Look, I Made a Hat is essential reading for Sondheim fans
Stephen Sondheim is not a deity, contrary to facetious song lyrics he contributed to the 2010 biographical musical revue Sondheim. on Sondheim: "Wrote the score to Sweeney Todd/With a nod/To de Sade -/Well, he's odd./Well, he's God!" But at a mortal 81 years old, Sondheim is a national treasure, a giant in the world of musical theater who changed the structure and sound of the form in 20th-century masterpieces including West Side Story, Follies, Company and Sweeney Todd. Speaking of heaven, though, here's Look, I Made a Hat, the second part of Sondheim's two-volume collection of lyrics, this one spanning 1981-2011, with additional bits and pieces. Talmudically thorough and devilishly diverting with what the author refers to as "attendant comments, amplifications, dogmas, harangues, digressions, anecdotes and miscellany," the book is divine. ... Look, I Made a Hat, together with Finishing the Hat, makes an enormously satisfying journal by one of the great theatrical minds of our time, a guide and touchstone for who knows how many future great theatrical minds. Meanwhile, Stephen Sondheim's confession that "I have successfully avoided enjoying opera all my life" is reassuring proof that the man, however godlike, is indeed human.
As with Finishing the Hat, the first volume, much of the excitement in Look, I Made a Hat derives not from the lyrics themselves but in the new writing: the thorough introductory notes describing the gestation of the musicals; the explications of certain songs' creation (or, in many cases, elimination); the incidental revelations, like Mr. Sondheim's frank confession that "I'm not as enthralled by the human voice as I would like to be." The most incendiary material in the earlier book - if you happen to be a devoted fan of musical theater, that is -derived from Mr. Sondheim's rigorous, eloquent analysis of the strengths and weaknesses of lyricists from the genre's so-called "Golden Age." In the new book we have to settle for briefer assessments of "underwriters," lyricists he wishes wrote as much for the theater as they did for movies and the pop charts; and "one-show wonders" like Richard Wilbur and DuBose Heyward. ... There are also longer reflections on theater criticism (of which he laments a gaping lack) and the lesser practice of theater reviewing (which he begrudges as a necessary evil); the absurdities of recklessly giving awards, which does not belie the pleasures of receiving them; and the uses and abuses of revivals, among other topics. All are rich in perceptions and pithy phrasing, like his blunt assessment of the value of collecting kudos: "Awards have three things to offer: cash, confidence and bric-a-brac."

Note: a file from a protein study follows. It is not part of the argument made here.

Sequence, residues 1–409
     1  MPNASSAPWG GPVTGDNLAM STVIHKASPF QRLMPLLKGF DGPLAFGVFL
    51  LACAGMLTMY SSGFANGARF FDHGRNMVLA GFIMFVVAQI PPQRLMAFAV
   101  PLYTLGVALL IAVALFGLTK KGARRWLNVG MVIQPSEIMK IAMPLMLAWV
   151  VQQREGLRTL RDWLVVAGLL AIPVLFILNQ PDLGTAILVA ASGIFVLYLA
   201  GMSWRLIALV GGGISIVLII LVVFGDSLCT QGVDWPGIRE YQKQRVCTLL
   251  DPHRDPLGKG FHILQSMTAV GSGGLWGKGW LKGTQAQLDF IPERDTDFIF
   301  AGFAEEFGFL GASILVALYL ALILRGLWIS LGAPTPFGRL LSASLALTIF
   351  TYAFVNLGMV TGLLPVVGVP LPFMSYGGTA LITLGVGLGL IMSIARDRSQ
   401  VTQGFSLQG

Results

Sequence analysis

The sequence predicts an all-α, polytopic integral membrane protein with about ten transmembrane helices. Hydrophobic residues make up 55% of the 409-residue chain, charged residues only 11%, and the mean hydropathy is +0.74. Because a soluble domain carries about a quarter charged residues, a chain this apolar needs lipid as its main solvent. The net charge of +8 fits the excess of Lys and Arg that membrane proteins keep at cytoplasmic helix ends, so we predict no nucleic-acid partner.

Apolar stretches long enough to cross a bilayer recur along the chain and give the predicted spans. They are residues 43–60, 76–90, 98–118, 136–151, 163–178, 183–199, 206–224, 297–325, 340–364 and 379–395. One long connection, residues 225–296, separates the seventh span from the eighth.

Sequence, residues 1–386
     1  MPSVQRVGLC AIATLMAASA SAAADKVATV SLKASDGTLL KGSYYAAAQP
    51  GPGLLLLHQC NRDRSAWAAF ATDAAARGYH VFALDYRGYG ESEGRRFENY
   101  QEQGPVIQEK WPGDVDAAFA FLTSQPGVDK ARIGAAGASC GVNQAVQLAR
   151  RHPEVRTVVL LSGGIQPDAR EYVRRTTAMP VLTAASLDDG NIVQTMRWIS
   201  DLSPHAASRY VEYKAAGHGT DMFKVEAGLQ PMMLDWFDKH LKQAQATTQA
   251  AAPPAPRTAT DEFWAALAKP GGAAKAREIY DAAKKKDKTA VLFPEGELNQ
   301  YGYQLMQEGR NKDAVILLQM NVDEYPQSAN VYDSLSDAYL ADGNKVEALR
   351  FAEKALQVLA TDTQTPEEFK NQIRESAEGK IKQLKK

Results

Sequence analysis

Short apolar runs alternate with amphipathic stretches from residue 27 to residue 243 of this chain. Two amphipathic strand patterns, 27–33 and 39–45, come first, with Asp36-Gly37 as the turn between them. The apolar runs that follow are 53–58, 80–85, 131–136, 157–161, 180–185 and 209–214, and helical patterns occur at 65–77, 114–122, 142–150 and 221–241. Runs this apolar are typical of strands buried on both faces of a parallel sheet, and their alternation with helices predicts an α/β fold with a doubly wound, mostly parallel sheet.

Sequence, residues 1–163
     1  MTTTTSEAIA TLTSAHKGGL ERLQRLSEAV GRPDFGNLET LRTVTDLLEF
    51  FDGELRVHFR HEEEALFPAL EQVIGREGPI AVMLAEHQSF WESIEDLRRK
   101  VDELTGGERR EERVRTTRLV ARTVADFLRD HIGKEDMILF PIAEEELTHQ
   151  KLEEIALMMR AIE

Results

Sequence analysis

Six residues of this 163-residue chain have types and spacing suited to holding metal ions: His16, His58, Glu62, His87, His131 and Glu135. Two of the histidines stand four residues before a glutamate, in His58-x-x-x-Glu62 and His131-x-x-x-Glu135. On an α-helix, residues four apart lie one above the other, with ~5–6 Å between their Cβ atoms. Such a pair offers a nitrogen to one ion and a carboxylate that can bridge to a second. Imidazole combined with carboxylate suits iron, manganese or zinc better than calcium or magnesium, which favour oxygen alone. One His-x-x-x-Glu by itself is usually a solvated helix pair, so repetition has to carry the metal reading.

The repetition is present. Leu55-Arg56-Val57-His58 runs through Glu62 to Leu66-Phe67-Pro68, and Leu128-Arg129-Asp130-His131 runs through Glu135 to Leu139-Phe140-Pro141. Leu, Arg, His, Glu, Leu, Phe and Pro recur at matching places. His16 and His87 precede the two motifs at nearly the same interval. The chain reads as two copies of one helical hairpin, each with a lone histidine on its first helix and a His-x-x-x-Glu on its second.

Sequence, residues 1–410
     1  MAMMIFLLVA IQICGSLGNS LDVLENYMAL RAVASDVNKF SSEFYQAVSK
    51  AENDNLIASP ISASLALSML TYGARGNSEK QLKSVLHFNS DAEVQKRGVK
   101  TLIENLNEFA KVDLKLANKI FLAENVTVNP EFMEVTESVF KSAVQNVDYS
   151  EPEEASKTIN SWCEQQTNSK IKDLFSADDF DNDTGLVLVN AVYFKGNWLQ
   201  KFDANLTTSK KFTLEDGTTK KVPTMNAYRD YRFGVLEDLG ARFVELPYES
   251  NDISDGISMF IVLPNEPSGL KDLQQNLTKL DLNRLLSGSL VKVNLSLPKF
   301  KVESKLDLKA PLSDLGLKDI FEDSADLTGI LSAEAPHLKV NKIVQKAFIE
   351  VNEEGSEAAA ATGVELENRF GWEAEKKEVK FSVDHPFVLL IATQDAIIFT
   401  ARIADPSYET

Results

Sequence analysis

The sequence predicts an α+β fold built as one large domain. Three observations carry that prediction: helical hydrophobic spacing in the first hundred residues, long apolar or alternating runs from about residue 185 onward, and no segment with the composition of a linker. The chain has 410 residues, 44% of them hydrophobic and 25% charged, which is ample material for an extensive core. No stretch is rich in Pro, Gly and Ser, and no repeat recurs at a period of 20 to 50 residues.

The New York Times
In introducing Look, I Made a Hat, Sondheim notes that his previous book's reticence disappointed some reviewers. Their prime complaint was that "I didn't speak enough about my personal life, 'personal' being the euphemism for 'intimate,' which is the euphemism for 'sexual.' ... If I'd wanted to write a memoir, I would have, but I don't, and I didn't. Caveat to the general: This book is going to be no more satisfying to the seriously prurient than the previous one." What we have instead is an outstanding reconstruction of rethinking and revision by an outstanding lyricist-composer: a lucid chronicling of the complexities that can arise in shaping even the sparest song lyric. Some of Sondheim's artistic forebears have left valuable accounts, both formal and anecdotal, about their struggles in fusing melody with American speech ... But none of these other practitioners can match Sondheim for depth of analysis, for the clarity and patience he shows, over hundreds of pages, in scrutinizing the all but ineffable process by which words on a page are translated into an effective staged performance. ... If "what lasts in the theater is character," these two collections ultimately encourage us to form a portrait and a judgment of the reserved man behind them. …